BACKGROUND: Whether breakthrough SARS-CoV-2 infections after vaccination are related to the level of postvaccine circulating antibody is unclear. OBJECTIVE: To determine longitudinal antibody-based response and risk for breakthrough infection after SARS-CoV-2 vaccination. DESIGN: Prospective study. SETTING: Nationwide sample from dialysis facilities. PATIENTS: 4791 patients receiving dialysis. MEASUREMENTS: Remainder plasma from a laboratory processing routine monthly tests was used to measure qualitative and semiquantitative antibodies to the receptor-binding domain (RBD) of SARS-CoV-2. To evaluate whether peak or prebreakthrough RBD values were associated with breakthrough infection, a nested case-control analysis matched each breakthrough case patient to 5 control patients by age, sex, and vaccination month and adjusted for diabetes status and region of residence. RESULTS: Of the 4791 patients followed with monthly RBD assays, 2563 were vaccinated as of 14 September 2021. Among the vaccinated patients, the estimated proportion with an undetectable RBD response increased from 6.6% (95% CI, 5.5% to 7.8%) 14 to 30 days after vaccination to 20.2% (CI, 17.0% to 23.3%) 5 to 6 months after vaccination. Estimated median index values decreased from 91.9 (CI, 78.6 to 105.2) 14 to 30 days after vaccination to 8.4 (CI, 7.6 to 9.3) 5 to 6 months after vaccination. Breakthrough infections occurred in 56 patients, with samples collected a median of 21 days before breakthrough infection. Compared with prebreakthrough index RBD values of 23 or higher (equivalent to ≥506 binding antibody units per milliliter), prebreakthrough RBD values less than 10 and values from 10 to less than 23 were associated with higher odds for breakthrough infection (rate ratios, 11.6 [CI, 3.4 to 39.5] and 6.0 [CI, 1.5 to 23.6], respectively). LIMITATIONS: Single measure of vaccine response; ascertainment of COVID-19 diagnosis from electronic health records. CONCLUSION: The antibody response to SARS-CoV-2 vaccination wanes rapidly in persons receiving dialysis. In this population, the circulating antibody response is associated with risk for breakthrough infection. PRIMARY FUNDING SOURCE: Ascend Clinical Laboratory.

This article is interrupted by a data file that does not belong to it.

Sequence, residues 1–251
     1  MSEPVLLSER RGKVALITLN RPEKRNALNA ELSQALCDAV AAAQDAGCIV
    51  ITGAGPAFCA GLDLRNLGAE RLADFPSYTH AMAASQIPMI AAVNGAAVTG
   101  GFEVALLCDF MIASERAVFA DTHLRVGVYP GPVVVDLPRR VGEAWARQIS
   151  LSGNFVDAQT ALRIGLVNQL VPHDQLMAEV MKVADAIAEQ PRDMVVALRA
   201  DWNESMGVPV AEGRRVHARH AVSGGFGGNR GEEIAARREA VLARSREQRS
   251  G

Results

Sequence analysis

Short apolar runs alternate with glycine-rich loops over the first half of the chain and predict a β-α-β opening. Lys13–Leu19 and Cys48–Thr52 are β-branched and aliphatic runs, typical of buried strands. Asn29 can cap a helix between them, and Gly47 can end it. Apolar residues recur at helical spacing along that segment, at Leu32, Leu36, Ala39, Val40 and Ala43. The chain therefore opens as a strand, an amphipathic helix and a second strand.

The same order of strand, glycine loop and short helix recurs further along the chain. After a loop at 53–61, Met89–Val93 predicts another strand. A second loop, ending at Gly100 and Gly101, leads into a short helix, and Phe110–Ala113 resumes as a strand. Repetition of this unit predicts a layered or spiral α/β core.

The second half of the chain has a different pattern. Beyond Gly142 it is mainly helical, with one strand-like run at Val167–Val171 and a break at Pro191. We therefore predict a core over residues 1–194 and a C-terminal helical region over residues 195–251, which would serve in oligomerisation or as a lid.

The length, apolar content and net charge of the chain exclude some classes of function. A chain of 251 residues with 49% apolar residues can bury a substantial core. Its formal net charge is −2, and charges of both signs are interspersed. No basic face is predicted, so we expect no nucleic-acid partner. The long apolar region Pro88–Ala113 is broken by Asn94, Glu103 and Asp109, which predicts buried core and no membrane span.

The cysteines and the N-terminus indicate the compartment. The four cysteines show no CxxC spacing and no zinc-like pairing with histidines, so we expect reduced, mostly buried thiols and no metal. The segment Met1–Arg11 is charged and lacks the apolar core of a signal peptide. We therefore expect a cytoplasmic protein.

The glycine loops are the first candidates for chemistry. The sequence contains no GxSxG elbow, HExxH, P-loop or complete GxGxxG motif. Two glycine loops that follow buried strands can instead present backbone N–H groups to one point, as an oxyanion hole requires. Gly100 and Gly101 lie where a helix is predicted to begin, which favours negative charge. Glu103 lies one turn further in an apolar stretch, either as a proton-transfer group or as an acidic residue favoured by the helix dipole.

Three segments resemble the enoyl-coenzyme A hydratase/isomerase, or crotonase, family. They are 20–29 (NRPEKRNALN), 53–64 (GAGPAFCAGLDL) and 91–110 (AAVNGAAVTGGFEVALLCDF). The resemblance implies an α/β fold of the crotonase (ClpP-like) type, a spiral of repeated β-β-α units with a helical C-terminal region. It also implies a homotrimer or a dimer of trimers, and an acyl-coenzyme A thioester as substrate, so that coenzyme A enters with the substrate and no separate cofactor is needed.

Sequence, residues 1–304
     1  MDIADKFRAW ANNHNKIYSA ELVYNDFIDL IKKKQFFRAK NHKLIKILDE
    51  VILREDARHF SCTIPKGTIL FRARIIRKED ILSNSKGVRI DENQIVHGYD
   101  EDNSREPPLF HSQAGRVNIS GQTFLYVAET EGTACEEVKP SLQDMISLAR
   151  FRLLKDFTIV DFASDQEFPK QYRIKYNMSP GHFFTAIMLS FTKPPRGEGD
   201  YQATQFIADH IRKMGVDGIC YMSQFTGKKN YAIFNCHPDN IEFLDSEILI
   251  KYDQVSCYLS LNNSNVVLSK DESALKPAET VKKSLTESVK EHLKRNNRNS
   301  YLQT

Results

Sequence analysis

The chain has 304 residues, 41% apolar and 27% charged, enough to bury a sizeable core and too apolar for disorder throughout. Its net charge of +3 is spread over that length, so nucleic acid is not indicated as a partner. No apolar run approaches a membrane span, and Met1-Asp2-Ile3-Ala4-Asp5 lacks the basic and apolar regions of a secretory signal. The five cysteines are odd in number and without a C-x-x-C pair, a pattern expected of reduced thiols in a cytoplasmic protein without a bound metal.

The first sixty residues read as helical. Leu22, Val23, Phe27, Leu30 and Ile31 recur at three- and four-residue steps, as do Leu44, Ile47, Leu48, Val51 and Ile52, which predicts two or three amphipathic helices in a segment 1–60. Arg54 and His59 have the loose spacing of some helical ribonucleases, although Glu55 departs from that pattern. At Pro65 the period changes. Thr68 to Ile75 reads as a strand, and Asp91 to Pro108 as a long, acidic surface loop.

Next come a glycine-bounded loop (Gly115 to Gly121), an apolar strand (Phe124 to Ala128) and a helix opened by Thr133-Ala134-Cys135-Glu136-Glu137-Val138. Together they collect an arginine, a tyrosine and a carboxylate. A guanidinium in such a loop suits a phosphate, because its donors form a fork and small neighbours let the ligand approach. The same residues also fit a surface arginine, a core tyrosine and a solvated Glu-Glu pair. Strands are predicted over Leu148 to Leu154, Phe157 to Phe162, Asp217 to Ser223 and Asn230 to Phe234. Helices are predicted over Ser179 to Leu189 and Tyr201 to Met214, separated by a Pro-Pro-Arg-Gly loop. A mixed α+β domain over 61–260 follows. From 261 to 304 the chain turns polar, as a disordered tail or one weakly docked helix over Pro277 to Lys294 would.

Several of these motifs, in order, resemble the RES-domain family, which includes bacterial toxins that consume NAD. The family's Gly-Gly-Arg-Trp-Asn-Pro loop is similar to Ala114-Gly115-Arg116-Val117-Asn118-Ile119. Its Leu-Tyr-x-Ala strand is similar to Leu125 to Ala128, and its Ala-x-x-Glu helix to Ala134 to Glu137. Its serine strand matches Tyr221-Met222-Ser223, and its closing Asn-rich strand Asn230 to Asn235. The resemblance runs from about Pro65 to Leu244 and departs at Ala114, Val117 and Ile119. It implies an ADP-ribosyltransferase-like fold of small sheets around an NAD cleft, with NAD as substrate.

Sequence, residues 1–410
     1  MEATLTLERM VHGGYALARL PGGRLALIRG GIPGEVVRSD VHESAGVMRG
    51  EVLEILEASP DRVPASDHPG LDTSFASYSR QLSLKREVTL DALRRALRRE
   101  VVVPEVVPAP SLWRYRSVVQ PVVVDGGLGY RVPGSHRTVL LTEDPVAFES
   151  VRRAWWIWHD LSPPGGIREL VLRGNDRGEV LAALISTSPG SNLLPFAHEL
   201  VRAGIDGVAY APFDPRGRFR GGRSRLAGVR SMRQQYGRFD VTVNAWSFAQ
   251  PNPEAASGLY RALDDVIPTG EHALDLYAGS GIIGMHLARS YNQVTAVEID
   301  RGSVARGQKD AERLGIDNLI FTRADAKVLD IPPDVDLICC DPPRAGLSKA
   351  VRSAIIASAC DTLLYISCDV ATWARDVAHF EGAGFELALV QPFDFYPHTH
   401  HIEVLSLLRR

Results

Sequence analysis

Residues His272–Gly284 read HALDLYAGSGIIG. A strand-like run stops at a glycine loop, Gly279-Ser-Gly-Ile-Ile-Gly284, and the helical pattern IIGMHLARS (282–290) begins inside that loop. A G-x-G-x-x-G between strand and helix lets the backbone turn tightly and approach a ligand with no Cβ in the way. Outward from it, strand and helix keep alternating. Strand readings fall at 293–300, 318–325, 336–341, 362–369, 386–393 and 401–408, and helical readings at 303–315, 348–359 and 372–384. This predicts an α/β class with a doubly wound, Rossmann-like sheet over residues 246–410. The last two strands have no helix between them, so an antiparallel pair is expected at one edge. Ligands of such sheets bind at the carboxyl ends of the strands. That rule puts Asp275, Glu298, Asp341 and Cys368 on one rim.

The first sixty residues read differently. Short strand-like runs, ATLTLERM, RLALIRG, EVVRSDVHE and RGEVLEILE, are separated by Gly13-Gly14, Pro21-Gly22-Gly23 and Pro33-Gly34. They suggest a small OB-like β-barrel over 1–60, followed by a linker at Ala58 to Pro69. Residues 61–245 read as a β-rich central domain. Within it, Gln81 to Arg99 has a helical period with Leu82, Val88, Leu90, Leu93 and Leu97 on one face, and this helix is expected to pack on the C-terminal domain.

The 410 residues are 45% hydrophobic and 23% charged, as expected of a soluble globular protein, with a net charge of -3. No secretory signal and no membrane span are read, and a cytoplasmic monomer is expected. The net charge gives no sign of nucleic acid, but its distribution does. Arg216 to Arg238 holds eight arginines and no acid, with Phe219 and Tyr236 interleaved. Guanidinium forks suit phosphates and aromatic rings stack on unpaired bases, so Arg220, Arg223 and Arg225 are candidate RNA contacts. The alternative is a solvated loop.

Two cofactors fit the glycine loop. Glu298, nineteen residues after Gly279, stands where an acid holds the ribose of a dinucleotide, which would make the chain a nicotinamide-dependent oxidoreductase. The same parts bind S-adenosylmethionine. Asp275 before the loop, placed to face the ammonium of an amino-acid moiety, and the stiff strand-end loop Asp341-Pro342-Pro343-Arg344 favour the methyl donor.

3.
EuropePMC; 2021.
Preprint in English | EuropePMC | ID: ppcovidwho-294097

ABSTRACT

ABSTRACT Background Patients receiving dialysis are a sentinel population for groups at high risk for death and disability from COVID-19. Understanding correlates of protection post-vaccination can inform immunization and mitigation strategies. Methods Monthly since January 2021, we tested plasma from 4791 patients receiving dialysis for antibodies to the receptor-binding domain (RBD) of SARS-CoV-2 using a high-throughput assay. We qualitatively assessed the proportion without a detectable RBD response and among those with a response, semiquantitative median IgG index values. Using a nested case-control design, we matched each breakthrough case to five controls by age, sex, and vaccination-month to determine whether peak and pre-breakthrough RBD IgG index values were associated with risk for infection post-vaccination. Results Among 2563 vaccinated patients, the proportion without a detectable RBD response increased from 6.6% [95% CI 5.5-8.1] in 14-30 days post-vaccination to 20.2% [95% CI 17.1-23.8], and median index values declined from 92.7 (95% CI 77.8-107.5) to 3.7 (95% CI 3.1-4.3) after 5 months. Persons with SARS-CoV-2 infection prior-to-vaccination had higher peak index values than persons without prior infection, but values equalized by 5 months (p=0.230). Breakthrough infections occurred in 56 patients, with samples collected a median of 21 days pre-breakthrough. Peak and pre-breakthrough RBD values <23 (equivalent to <506 WHO BAU/mL) were associated with higher odds for breakthrough infection (OR: 3.7 [95% CI 2.0-6.8] and 9.8 [95% CI 2.9-32.8], respectively). Conclusions The antibody response to SARS-CoV-2 vaccination wanes rapidly, and in persons receiving dialysis, the persisting antibody response is associated with risk for breakthrough infection.